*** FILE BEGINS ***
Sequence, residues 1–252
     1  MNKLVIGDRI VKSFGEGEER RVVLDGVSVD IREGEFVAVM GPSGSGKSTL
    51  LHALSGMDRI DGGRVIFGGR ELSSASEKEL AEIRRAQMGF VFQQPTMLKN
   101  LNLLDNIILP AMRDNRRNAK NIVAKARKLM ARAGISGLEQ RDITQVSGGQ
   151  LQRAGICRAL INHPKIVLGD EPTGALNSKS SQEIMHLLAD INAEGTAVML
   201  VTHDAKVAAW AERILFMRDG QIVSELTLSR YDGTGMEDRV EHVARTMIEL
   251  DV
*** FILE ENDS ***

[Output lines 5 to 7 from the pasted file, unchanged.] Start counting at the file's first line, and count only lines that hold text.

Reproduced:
   151  LQRAGICRAL INHPKIVLGD EPTGALNSKS SQEIMHLLAD INAEGTAVML
   201  VTHDAKVAAW AERILFMRDG QIVSELTLSR YDGTGMEDRV EHVARTMIEL
   251  DV